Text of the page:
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Australian Legal Market Trends – Reading the Pulse

Overview

By Justin Atkinson

I always read with interest the legal market reports in anticipation that they will give me a good overview of general sentiment, trends, and ideas for new opportunities I can pursue. As a Sales Director for a Legal Process Outsourcer, I want to know how my market is responding to the developments in what is fast becoming a very dynamic industry. Cynically I used to say these reports rarely varied from one publication to the next – a desire for lower fees and greater innovation, firms cutting back on support staff, and annual increases in profit per equity partner.

With the recent release of the CommBank Legal Market Pulse it was interesting to read how this edition focused on three key issues in the Australian legal market: the rise of outsourcing; investment in efficiency; and the challenges of price negotiation. All of which I believe are integral components in the function of delivering quality service to the end-user.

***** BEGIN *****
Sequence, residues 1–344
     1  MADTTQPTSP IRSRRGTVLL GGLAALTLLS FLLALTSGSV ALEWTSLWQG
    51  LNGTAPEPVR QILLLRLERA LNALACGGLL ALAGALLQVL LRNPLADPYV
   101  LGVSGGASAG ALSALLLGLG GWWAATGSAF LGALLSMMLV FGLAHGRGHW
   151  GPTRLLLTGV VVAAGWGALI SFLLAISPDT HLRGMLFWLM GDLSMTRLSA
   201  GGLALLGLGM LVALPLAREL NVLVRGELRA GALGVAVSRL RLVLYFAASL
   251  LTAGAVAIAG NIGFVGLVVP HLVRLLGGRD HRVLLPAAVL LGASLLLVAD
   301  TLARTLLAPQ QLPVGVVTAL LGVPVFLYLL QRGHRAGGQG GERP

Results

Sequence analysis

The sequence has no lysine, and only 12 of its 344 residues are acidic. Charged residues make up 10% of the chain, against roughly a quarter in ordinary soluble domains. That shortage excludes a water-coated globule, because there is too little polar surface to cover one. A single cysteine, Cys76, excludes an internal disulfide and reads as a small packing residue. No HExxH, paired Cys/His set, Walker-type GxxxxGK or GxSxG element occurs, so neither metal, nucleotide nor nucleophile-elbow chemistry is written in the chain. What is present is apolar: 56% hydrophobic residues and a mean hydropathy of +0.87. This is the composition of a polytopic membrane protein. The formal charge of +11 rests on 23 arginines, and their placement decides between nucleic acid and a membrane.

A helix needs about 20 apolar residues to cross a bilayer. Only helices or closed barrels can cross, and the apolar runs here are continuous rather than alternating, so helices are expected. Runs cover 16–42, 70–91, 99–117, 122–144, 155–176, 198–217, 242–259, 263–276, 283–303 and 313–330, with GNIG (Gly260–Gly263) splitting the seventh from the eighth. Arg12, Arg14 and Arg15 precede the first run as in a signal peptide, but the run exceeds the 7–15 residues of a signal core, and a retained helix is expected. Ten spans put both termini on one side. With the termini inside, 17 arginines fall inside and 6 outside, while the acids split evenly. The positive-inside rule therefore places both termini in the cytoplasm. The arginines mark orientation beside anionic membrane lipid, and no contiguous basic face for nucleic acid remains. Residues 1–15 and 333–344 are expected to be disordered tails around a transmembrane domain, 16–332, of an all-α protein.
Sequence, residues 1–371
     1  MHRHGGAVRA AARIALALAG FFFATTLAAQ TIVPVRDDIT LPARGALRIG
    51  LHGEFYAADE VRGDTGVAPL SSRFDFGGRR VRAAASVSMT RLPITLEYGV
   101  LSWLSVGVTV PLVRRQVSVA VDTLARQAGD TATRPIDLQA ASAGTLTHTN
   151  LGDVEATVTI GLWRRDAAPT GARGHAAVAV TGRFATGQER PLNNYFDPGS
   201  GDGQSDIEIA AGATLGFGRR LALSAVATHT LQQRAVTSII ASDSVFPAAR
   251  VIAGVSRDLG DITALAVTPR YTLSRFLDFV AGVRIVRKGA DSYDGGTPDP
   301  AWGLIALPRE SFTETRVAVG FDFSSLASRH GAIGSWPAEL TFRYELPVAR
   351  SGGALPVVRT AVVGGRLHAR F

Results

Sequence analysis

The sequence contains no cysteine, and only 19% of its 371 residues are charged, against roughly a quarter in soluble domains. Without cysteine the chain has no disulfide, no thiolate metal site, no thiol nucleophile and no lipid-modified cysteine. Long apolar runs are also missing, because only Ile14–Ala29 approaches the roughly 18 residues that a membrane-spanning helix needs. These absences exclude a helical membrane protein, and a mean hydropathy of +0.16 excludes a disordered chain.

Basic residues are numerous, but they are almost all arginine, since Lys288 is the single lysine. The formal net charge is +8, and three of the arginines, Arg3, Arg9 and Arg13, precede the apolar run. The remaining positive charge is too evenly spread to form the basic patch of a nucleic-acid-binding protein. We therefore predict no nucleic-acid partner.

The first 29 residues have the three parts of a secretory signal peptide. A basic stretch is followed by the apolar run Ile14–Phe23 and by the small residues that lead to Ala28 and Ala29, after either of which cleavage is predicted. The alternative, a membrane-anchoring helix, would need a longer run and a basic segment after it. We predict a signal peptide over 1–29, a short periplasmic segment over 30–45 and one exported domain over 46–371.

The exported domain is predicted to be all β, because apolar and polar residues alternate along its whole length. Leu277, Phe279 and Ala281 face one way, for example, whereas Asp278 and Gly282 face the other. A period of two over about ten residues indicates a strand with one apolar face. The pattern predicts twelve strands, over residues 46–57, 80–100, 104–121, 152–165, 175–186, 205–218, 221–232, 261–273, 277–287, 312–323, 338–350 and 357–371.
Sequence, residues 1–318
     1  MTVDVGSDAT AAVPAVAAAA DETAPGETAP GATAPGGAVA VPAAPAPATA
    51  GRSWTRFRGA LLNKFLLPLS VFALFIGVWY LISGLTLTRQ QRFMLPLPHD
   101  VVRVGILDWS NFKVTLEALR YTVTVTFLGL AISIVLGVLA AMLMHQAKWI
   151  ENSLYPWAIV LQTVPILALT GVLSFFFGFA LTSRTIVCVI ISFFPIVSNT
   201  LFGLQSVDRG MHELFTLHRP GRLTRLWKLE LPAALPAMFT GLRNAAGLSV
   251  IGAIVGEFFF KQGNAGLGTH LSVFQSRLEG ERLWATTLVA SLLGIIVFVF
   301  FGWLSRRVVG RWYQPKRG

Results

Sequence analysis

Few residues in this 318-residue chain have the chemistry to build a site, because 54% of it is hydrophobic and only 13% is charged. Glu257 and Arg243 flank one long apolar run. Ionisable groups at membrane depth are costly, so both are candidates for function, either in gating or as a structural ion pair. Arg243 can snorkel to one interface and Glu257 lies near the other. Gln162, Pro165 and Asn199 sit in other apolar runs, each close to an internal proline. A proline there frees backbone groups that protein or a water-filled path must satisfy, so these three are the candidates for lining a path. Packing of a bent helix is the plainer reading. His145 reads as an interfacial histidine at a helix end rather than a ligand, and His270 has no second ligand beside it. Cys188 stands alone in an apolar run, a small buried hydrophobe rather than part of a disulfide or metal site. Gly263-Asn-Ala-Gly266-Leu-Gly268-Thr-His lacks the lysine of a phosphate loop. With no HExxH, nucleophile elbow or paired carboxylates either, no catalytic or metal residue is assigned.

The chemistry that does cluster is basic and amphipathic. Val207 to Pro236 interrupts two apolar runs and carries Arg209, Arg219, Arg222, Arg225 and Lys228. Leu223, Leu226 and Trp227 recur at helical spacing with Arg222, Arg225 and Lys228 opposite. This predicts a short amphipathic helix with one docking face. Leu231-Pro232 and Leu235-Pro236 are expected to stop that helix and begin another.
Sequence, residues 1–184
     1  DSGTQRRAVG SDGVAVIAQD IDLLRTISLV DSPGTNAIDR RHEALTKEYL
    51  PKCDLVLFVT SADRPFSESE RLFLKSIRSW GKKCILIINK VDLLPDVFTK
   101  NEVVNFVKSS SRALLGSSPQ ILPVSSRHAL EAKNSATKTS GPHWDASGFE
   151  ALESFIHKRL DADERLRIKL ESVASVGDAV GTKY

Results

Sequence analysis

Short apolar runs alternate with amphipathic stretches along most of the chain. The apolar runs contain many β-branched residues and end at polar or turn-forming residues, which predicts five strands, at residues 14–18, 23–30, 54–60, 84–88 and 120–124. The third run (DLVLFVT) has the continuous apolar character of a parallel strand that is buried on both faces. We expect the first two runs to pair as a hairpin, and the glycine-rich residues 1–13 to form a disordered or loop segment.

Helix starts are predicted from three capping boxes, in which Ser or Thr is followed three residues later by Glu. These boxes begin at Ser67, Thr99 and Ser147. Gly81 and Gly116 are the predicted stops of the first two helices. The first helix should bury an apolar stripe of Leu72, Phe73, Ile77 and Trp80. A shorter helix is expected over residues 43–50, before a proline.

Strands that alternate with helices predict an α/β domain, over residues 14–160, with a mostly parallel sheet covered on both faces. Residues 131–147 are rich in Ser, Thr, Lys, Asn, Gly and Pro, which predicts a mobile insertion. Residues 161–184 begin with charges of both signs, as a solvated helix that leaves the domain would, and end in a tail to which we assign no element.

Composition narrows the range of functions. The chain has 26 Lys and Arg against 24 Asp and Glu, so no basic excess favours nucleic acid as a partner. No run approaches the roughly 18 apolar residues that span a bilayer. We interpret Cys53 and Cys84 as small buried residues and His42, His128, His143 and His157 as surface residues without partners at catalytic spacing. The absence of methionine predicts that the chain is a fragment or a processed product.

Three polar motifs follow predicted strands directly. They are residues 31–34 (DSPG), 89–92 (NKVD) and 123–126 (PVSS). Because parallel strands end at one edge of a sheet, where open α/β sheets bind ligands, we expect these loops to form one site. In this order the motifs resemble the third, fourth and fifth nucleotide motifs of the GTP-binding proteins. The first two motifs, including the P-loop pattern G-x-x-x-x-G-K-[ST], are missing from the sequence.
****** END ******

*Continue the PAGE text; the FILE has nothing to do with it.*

Despite the fact that clients are demanding that firms incorporate LPO as part of their processes, many of these firms are still reluctant to do so. When I speak with firms and General Counsel, it is interesting to note what drives their decision to use an LPO. While some firms are instructed by clients to use an LPO, the more proactive ones are incorporating LPO services as a point of difference in their pitches to clients.

The Legal Market Pulse indicated that of the Australian top tier firms 45% were being driven by clients to use an LPO. Some of the larger global firms are choosing instead to expand their own captive lower cost delivery centres and are more likely to push for these centres in the first instance. An example is Herbert Smith Freehills’ announcement of a low cost legal team in Melbourne. However, a sophisticated corporate counsel knows that the cost of using a firm’s captive LPO is still going to be more expensive than an actual LPO. LPO providers like Integreon have pioneered delivery of more highly efficient services such as outsourced document review in litigation, while maintaining continuous process improvements to hold a competitive edge.